What can you say about the Ramones’ first album, other than that it is THE American punk album, an endless wellspring of monolithic noise, energy and attitude?
Working for Sire Records, producer/talent scout Craig Leon became involved with the percolating New York underground music scene. One summer night in ’75 he went to CBGB’s looking for Patti Smith, who was already signed to Arista. Owner Hilly Kristal suggested that Leon come back later that week to see a show with two bands named Talking Heads and the Ramones.
“I went to that show and there were literally four people in the audience besides me, but the bands were phenomenal. With the Ramones, I scouted them and then I had to develop them. A lot of people didn’t even think they could make a record. There were weeks of preproduction on a very basic level: like when the songs started and when they ended. Their early sets were one long song until they ran out of steam or fought. You could see it as a performance art-type thing, where you had a 17-minute concise capsule of everything you ever knew about rock ‘n’ roll. Or you could see it as 22 little songs.
“They had a very serious concept of what they wanted to do, but then we had to get the execution up to the point of actually being able to do it. It was the original drummer, Tommy [“Ramone” Erdelyi], who had the concept of what they should sound like, and what they should look like,” says Leon.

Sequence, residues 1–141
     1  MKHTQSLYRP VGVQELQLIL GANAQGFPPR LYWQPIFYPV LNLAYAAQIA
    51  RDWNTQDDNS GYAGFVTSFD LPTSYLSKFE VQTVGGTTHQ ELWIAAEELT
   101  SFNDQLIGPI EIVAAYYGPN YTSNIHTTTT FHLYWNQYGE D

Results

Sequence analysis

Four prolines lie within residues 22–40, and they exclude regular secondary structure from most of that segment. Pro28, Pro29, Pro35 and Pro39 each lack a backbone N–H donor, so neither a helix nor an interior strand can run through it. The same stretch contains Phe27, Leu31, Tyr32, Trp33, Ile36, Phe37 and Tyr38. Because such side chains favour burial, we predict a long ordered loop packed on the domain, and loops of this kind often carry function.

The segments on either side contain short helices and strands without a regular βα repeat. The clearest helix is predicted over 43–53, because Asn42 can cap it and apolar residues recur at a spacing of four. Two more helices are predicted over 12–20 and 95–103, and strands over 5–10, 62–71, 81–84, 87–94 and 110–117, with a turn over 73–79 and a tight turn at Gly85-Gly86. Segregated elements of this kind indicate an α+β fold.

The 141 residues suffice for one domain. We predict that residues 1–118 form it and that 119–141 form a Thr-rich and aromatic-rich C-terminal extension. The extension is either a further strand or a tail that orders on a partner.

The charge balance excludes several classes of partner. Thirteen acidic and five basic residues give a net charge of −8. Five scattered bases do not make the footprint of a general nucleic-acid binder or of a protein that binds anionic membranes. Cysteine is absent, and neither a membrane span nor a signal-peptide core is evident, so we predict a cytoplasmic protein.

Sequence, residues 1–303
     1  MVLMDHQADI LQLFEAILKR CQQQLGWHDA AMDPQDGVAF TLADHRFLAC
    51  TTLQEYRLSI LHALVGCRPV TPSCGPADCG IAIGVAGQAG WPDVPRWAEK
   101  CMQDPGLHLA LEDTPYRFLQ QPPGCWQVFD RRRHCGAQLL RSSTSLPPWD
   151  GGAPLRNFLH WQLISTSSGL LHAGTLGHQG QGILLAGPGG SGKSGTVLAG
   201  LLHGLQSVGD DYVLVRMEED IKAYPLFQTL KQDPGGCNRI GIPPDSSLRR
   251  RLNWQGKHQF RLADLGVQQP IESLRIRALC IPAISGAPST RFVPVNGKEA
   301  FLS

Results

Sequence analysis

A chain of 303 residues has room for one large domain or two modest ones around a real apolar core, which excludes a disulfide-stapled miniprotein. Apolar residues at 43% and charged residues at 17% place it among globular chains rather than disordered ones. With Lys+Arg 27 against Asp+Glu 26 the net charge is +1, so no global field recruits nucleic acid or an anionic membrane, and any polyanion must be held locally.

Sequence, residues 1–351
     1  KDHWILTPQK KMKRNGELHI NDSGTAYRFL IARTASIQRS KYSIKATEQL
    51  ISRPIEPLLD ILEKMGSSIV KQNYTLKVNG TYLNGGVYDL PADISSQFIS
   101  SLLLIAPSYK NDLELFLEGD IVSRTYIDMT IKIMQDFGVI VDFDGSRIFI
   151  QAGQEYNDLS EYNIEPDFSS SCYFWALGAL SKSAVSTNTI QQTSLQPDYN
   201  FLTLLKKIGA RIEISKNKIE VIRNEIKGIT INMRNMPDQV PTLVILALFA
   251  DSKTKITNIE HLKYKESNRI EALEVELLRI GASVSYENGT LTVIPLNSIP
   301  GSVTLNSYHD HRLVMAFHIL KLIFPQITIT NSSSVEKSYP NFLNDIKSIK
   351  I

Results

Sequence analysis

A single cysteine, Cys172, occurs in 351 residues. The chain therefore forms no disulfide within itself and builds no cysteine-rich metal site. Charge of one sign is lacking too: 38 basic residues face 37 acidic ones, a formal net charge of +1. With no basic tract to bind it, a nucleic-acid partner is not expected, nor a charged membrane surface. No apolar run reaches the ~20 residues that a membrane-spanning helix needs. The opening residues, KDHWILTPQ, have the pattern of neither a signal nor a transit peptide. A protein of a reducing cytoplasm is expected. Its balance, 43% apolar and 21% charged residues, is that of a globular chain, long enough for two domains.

“After we worked out all of that stuff, we did the album very quickly in the studio. The studio, Plaza Sound, was great. Some early Blondie and Talking Heads stuff was recorded there too. It was the old NBC Symphony Orchestra rehearsal hall, and it had been turned into a studio. With the Ramones we had these three big rehearsal halls and we put their Marshall amps in separate rooms so they wouldn’t bleed.
“I remember the bass player [the late Dee Dee “Ramone” Colvin] and the guitar player [Johnny “Ramone” Cummings] standing in the hallway with their amps in separate rooms, and the drums in a booth way at the back of this immense studio. You could crank it up and still get isolation, which is why it sounds big and dry at the same time.”
The Ramones first album is a roaring minimalist icon – the first real American punk record. Layers and layers of accumulated bloat and sheen were stripped away to reveal the basic energy, drive, and primitive melodicism of rock ‘n’ roll. The Ramones’ sound was blazing early-’60s surf music played through the overdriven distortion of Blue Cheer and Black Sabbath. Yet, according to Leon, the Ramones saw themselves as a pop band. “In our naiveté, we thought they were going to be bigger than the Beatles. They had even named themselves after Paul McCartney’s early stage name, ‘Paul Ramone.’ In retrospect, it is almost miraculous that an album as radical as the first Ramones record – on a label, Sire, that was a small indie at the time (’76) – charted at all (it reached No. 111).
“The whole New York music thing was seen as an extension of the art scene, so we thought we were doing something cultural. It might have been pretentious, but what the hell, we were having fun. We really thought we were doing something groundbreaking and new. A lot of that is missing today.”